Sunday, April 20, 2008



Cystic lesions of the bile ducts and liver can result from a variety of pathologic processes. They may be solitary or multiple.

  • Cystic abnormalities occurring within the liver parenchyma, which are not in continuity with the biliary tree, are referred to as liver cysts.
  • Cystic lesions which are in direct continuity with the intra- or extrahepatic bile ducts are considered as biliary cysts.
  • Cystic lesions of the liver with an infectious origin (e.g. echinococcus or hydatid cysts, liver abscesses) and pseudocysts will not be discussed in this topic.

Cysts of the liver and bile ducts can occur as single entities, but are frequently found in various combinations of intra- or extrahepatic cystic abnormalities.

  • Although the exact mechanisms underlying the origin of liver cysts are unknown, mutations in four distinct genes have been linked to various types of polycystic liver disease.
  • Cystic abnormalities of the intra- and extrahepatic bile ducts have been historically classified as acquired entities; however, it is likely that other factors (i.e. genetic factors) also play a role in the pathogenesis of cystic diseases of the bile duct.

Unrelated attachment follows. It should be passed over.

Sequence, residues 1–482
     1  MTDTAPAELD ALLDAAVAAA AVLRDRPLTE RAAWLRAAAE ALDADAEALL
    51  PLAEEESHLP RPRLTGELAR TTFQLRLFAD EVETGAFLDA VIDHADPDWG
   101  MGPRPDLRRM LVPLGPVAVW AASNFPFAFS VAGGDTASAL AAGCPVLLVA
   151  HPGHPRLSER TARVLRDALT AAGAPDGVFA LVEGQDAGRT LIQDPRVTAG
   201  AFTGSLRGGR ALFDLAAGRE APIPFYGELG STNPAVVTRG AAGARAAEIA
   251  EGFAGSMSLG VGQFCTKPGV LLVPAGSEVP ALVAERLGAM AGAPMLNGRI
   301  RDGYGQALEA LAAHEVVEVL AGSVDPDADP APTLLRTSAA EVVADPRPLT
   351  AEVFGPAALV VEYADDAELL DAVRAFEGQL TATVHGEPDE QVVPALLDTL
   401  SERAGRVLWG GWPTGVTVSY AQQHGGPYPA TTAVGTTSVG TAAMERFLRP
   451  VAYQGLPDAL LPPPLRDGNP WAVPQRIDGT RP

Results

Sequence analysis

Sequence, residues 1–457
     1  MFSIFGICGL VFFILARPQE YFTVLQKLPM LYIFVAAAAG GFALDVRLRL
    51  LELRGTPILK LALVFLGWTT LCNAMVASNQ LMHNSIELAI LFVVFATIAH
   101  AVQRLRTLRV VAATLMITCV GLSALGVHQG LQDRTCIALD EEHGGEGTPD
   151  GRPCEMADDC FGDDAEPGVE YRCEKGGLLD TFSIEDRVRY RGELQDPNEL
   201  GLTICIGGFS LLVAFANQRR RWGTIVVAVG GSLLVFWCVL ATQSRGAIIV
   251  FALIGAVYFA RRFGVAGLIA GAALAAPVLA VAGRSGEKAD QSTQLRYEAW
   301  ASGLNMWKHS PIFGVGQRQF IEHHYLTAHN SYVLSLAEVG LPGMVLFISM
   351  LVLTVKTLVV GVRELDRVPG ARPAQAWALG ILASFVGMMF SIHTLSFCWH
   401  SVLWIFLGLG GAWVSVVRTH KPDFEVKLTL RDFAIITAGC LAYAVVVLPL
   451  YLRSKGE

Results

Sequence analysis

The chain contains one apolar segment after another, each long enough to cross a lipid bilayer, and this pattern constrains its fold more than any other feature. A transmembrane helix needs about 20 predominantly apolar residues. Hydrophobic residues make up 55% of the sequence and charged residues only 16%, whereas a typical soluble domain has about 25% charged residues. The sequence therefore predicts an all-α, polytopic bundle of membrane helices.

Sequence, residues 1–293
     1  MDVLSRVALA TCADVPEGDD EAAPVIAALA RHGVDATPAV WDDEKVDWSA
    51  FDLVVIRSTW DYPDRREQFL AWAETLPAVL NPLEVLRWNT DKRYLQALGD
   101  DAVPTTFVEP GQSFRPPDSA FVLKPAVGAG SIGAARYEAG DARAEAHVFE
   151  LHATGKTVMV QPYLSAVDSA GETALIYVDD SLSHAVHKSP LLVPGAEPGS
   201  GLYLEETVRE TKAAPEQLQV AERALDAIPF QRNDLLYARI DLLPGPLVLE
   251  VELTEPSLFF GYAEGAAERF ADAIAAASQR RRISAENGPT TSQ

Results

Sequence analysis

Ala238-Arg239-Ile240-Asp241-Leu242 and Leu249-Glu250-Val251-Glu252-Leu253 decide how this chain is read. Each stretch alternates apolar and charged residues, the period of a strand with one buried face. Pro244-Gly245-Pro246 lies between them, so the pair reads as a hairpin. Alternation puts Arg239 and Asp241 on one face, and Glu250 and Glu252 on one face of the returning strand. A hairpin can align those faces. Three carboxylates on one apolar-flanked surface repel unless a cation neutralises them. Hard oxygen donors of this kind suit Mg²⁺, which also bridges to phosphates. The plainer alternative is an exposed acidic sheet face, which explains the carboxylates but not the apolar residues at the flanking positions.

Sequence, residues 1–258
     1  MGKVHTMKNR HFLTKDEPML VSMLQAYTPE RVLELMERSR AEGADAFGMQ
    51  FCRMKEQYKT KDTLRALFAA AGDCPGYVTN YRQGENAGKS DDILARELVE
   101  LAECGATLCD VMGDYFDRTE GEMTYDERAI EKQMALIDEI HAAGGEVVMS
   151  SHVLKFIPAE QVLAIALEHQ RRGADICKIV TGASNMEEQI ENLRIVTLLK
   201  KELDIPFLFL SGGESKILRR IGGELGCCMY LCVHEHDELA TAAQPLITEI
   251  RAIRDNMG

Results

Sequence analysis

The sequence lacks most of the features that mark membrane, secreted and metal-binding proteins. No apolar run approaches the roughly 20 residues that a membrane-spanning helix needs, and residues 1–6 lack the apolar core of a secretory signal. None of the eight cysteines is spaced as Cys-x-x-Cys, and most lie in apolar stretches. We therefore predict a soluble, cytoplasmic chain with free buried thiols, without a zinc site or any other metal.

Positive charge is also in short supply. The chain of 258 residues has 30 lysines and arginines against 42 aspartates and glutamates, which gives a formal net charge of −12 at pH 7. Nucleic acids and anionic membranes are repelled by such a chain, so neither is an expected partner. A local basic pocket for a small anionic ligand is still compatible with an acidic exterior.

• In general, true or epithelialized liver and biliary cysts can be divided into two groups:
  1. Neoplastic and
  2. Non-neoplastic group.
  • The neoplastic group primarily comprises:
  1. Biliary cystadenoma and
  2. Cystadenocarcinoma,
  • The non-neoplastic group can be subdivided into:
  1. Simple liver cysts,
  2. Polycystic liver diseases,and
  3. Bile duct-related cystic diseases.

Simple liver cysts

Simple hepatic cysts are also known as benign, nonparasitic, or solitary cysts, the latter being a poor name, since they are multiple in 50% of the cases.

  • Although these cysts were traditionally considered as rare lesions, by the wider application of imaging modalities, such as the computed tomography (CT) scan, we now know that these cysts can be found rather commonly in asymptomatic patients.
  • The exact pathogenesis of simple hepatic cysts is unknown, but it has been suggested that they develop from biliary microhamartoma or aberrant bile ducts, which have lost contact with other parts of the biliary system during the early embryological stages.
  • Although simple hepatic cysts are not in direct continuity with the biliary tree, their presumed biliary origin, and the differential diagnosis with other types of hepatic and biliary cystic disorders, justifies a discussion of simple hepatic cysts in this topic